Dr Simon Kennon MB ChB, FRCP, MD Consultant Cardiologist

Cardioversion

If you have an irregular heart beat such as atrial fibrillation (when the heart beats too fast or irregularly), atrial flutter (when the heart may not always beat irregularly but beats too fast) or verntricular tachycardia (when the heart beats too fast) your doctor may want you to have a procedure called cardioversion.

Cardioversion aims to get your abnormal heart rhythm back to normal. This can be done either with anti-arrhythmic medicines or electrically. Electrical cardioversion is an electric shock used to help your heart beat at normal rhythm. It's usually given if your arrhythmia has lasted longer than 48 hours. It's less likely to work if the arrhythmia has been present for over a year and is unsuitable if the irregular rhythm comes and goes.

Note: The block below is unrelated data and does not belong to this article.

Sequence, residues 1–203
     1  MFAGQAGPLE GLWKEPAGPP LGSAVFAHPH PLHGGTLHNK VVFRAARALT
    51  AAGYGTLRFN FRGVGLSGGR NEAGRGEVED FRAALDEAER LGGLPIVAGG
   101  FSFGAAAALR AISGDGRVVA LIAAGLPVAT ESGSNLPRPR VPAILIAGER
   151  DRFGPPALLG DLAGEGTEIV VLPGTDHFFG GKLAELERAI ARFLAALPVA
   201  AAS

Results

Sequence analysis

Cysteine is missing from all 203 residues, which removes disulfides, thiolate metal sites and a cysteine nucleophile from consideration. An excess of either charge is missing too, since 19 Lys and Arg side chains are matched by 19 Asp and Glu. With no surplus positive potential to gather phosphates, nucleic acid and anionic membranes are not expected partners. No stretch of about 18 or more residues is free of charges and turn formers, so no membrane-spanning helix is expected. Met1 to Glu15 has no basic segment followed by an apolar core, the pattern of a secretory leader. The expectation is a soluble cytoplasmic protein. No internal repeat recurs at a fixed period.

Electrical cardioversion surgery

Firstly, you will be given a short-acting general anaesthetic or heavy sedation so that you sleep throughout the procedure. A doctor or nurse will put electrodes, stuck to large sticky pads, on your chest. The electrodes are connected to a defibrillator machine and will give you one or more controlled electric shocks to your chest wall. The whole procedure usually lasts about 10 minutes.

The defibrillator monitors your heart rhythm throughout the procedure so the medical staff can see straight away if the cardioversion was successful.

Recovery

You will usually only need to go to hospital for part of the day, although some people need to stay overnight.

Complications

Complications are not common and any side-effects are usually temporary. You may get headaches and dizziness, for example, which can result from a drop in your blood pressure. Feeling sick is also fairly common after an anaesthetic. You may also feel a small amount of discomfort in your chest, where the shock was given.